Feb 04, 2021

White Paper - Over Horizon Transmission Utilizing ATSC 3.0

Avateq's engineering team has conducted a research and presents a White Paper with the analysis of long distance transmission utilizing ATSC 3.0 standard.

White Paper


Over Horizon Diffraction Troposphere Transmission Utilizing ATSC 3.0 Physical Layer at Frequencies Below 1GHz

 

There is a rising demand in mesoscale over-the-air (OTA) data transmission in areas lacking traditional cable infrastructure. With the recent development of the physical layers targeting digital content delivery (for example, 5G NR and ATSC 3.0 in Digital Television Broadcast, etc.), it becomes more promising and more beneficial to employ OTA data transmission and re-translation infrastructure in remote locations with low density population. Only 5 years ago this would sound ambitious and unrealistic. However, many advancements and outstanding improvements in content delivery has been recently made bringing efficiency in bandwidth utilization. These new techniques include Non-Uniform Constellations (NUC), Layer Division Multiplexing (LDM), wide overall use of Low-Density Parity Check (LDPC) techniques and data interleavers, which significantly facilitates the physical layers usage in terrestrial delivery of data to distant, isolated, and widely spread communities with high potential to contribute into growth of their digital economy and service industries.

The commonly used communication range for terrestrial link budget (LB) planning is up to 200-250 km, which is primarily related to physical goods and services delivery infrastructure and its availability near large cities and transport hubs. This range is perfectly suitable for utilization of the advanced features of modern modulation and transmission techniques running on reasonably priced hardware widely available on the market, redefining a routine link budget planning as a state-of-the-art nowadays.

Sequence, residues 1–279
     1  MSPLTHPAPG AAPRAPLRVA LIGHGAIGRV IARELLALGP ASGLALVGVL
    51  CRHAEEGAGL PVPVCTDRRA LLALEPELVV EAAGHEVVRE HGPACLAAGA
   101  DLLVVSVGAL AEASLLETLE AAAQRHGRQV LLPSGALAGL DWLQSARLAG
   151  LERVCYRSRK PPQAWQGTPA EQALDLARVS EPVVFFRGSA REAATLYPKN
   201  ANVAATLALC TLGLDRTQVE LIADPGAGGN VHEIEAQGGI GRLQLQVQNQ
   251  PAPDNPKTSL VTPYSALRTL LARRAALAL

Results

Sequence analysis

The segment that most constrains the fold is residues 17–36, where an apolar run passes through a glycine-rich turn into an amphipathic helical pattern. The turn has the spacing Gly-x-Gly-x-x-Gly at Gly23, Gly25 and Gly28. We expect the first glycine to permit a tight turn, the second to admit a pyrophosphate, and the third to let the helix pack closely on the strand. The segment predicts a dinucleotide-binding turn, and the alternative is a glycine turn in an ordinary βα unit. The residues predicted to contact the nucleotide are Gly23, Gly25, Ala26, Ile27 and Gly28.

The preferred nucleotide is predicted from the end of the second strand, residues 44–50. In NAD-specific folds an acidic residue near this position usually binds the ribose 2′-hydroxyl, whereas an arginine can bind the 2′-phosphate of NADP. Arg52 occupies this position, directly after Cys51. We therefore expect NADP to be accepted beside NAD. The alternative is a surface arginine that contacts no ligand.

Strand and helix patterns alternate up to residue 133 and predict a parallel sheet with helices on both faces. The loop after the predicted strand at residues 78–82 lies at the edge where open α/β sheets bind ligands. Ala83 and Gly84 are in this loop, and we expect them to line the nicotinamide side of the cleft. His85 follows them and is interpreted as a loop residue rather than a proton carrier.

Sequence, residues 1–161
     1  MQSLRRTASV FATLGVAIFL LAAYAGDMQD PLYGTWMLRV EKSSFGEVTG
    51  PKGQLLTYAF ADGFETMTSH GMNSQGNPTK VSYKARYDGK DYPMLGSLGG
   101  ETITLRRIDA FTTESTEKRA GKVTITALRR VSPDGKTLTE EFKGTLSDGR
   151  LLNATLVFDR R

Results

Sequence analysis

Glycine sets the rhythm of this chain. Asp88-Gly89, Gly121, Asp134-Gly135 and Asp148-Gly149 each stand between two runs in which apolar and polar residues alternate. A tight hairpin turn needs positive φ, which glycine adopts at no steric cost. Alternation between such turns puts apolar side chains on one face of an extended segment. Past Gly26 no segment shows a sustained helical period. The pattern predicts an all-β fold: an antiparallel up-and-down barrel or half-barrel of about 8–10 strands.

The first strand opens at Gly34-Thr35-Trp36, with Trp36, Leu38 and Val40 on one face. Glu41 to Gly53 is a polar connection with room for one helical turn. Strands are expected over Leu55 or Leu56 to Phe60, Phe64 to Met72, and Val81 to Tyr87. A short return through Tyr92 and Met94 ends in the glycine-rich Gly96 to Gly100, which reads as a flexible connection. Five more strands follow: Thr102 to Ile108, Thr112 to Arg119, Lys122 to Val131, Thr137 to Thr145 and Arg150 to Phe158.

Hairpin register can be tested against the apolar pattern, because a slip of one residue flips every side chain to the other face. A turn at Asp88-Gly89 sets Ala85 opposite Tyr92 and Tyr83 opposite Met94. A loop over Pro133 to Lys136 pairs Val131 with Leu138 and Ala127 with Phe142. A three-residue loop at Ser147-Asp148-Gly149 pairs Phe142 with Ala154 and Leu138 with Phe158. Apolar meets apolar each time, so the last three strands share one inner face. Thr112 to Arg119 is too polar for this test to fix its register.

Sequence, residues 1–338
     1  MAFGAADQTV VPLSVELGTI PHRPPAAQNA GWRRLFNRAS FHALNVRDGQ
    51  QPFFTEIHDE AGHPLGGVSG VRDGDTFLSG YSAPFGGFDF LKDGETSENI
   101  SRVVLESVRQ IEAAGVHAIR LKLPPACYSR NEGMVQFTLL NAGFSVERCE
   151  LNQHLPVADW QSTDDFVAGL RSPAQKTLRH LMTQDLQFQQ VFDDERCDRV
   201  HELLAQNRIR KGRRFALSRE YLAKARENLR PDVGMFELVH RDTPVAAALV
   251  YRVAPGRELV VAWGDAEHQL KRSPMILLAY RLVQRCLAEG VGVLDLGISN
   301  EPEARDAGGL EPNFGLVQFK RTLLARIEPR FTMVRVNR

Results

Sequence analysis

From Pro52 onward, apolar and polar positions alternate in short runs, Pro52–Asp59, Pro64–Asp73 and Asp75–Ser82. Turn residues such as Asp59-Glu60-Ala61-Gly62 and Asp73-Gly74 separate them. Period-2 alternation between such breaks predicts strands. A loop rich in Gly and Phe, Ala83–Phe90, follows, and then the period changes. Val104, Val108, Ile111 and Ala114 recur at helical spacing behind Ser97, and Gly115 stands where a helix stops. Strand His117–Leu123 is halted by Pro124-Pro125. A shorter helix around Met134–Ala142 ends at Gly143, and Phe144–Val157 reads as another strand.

As a result of rising demands of modern suburban and distant communication, the beyond the horizon signal propagation and diffraction becomes a key topic of many propagation losses estimates projects. This topic is well-known and widely developed and covered in both academic and industrial research within troposphere communication modeling studies. The studies traditionally refer to diffraction caused by propagation over irregular terrain or/and over smooth earth. The troposphere communication scenarios usually face first Fresnel zone ellipse mostly or even completely overlapped with the horizon causing non-line-of-sight. Thus, it becomes even more important to precisely control the complexity of the model in order to maintain the accuracy of the path loss results. Depending on signal polarization, the power degradation may see additional variations in loss estimates and requires extra attention on its own. Generally, horizontal polarization losses vary less than vertical. The range of communication limited to 200 km allows the commonly accepted approximation of troposphere propagation path with either over irregular terrain or over smooth earth to be used. The approximation preserves the model complexity comparable to single obstacle diffraction approach detailed in [1], equation 8.1 and Figure 8.7. A simplified model based on single isolated obstacle diffraction can be presented by the following equation and illustrated by Figure 1.

Irregular terrain diffraction model based on single isolated obstacle.

Figure 1. Irregular terrain diffraction model based on single isolated obstacle.

A = G0 - F1 - F2 - C1
where
A - attenuation of the signal along the path from transmitter to receiver (dB);
G0 - free space distance and frequency dependent loss (dB);
F1 - terrain reflections along the path from transmitter to horizon and further to virtual single obstacle (dB);
F2 - terrain reflections along the path from receiver to horizon and further to virtual single obstacle (dB);
C1 - attenuation depending on polarization of the signal, frequency, and the earth radius (dB).

This model is implemented in a popular link budget support software package Radio Link by Roger Coude [2]. Further extension of communication path length would require the model redesign and might be considered as an option for further work.